Friday, July 11, 2008

Hubris and Complexity

Martha Lagace, in HBS Working Knowledge, interviews Malcolm S. Salter about his new book, Innovation Corrupted: The Origins and Legacy of Enron's Collapse. An excerpt:

Q: As you note in your book, there is much that we still do not know—and may never know—about Enron's failure. Having studied the company intensively for years, what would you most like to know?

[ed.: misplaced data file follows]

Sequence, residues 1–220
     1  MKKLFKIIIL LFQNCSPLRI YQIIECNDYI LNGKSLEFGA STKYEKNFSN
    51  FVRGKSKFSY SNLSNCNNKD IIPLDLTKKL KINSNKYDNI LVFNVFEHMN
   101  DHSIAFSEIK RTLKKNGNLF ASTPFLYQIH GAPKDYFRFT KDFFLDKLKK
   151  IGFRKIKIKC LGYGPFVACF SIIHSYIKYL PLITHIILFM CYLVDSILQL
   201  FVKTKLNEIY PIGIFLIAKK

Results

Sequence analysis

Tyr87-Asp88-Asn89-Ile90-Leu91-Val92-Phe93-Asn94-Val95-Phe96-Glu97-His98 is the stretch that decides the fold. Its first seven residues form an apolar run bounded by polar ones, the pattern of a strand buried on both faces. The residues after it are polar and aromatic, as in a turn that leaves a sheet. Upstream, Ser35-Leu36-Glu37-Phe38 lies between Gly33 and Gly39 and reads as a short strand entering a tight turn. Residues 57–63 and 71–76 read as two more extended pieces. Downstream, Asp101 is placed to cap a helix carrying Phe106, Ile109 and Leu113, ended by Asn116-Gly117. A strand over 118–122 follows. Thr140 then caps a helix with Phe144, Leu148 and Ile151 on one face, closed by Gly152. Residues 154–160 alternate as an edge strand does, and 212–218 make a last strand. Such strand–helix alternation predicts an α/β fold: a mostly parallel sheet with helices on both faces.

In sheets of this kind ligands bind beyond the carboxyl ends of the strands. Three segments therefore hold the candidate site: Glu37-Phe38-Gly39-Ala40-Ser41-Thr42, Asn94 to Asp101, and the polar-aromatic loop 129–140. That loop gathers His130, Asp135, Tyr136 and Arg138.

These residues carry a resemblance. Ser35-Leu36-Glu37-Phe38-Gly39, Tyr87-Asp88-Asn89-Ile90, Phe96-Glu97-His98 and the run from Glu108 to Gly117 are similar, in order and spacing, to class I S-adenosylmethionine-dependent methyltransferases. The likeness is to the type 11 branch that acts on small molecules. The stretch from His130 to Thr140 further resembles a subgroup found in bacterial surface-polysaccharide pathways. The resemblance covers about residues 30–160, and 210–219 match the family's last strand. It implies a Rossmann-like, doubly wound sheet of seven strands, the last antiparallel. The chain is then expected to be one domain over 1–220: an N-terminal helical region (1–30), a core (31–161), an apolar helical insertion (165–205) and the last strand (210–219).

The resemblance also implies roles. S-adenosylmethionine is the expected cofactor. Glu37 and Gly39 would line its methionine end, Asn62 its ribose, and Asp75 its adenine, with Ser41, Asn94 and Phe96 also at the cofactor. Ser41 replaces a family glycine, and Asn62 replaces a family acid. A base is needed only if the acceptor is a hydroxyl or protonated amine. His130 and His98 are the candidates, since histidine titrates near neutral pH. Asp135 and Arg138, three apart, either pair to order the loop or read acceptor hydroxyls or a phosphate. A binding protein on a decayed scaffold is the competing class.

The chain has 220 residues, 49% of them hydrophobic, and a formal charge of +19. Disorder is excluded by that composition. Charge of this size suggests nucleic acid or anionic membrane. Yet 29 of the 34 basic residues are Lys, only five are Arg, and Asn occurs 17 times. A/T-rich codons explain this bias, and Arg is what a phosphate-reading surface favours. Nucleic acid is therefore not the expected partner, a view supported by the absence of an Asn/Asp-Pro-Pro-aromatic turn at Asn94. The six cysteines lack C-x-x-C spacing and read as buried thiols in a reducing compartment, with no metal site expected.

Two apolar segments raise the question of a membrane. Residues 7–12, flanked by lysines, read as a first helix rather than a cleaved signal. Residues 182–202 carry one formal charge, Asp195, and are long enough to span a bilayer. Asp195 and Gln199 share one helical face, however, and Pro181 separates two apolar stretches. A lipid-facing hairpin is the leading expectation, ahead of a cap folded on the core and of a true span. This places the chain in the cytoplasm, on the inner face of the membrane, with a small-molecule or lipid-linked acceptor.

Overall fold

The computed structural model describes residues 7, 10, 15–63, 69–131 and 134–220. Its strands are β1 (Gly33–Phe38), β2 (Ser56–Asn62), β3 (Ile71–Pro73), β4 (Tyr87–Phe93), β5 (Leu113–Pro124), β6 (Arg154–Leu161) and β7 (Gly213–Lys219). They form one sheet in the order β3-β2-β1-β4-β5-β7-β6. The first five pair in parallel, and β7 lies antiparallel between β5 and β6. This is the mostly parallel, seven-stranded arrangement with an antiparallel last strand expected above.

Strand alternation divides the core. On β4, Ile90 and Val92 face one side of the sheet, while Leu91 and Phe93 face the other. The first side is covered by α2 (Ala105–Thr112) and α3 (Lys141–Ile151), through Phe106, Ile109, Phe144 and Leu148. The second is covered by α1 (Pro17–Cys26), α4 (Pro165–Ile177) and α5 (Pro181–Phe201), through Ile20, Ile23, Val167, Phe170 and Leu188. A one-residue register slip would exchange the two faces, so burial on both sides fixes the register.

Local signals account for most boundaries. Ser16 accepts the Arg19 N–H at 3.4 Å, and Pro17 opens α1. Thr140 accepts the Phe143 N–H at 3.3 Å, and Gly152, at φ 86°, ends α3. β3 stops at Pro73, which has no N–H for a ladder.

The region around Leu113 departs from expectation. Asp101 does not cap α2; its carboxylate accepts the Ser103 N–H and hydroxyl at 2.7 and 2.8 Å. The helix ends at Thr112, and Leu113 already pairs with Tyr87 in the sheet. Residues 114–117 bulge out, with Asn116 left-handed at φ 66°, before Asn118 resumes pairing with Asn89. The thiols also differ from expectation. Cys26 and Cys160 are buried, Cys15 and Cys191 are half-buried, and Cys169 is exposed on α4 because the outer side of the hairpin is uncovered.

A: There is still much that we do not know about the perceptions, intentions, thought processes, and apparent failings of Enron's leaders and its board of directors. For example, why didn't Skilling and Lay see more clearly the risks and increasingly adverse effects of the extreme, performance-oriented management system that they had created? How could Skilling—a very public proponent of earning more money with less assets (the so-called asset light strategy)—rationalize Enron spending so heavily, and so beyond established capital budgets, on capital projects with highly speculative returns?

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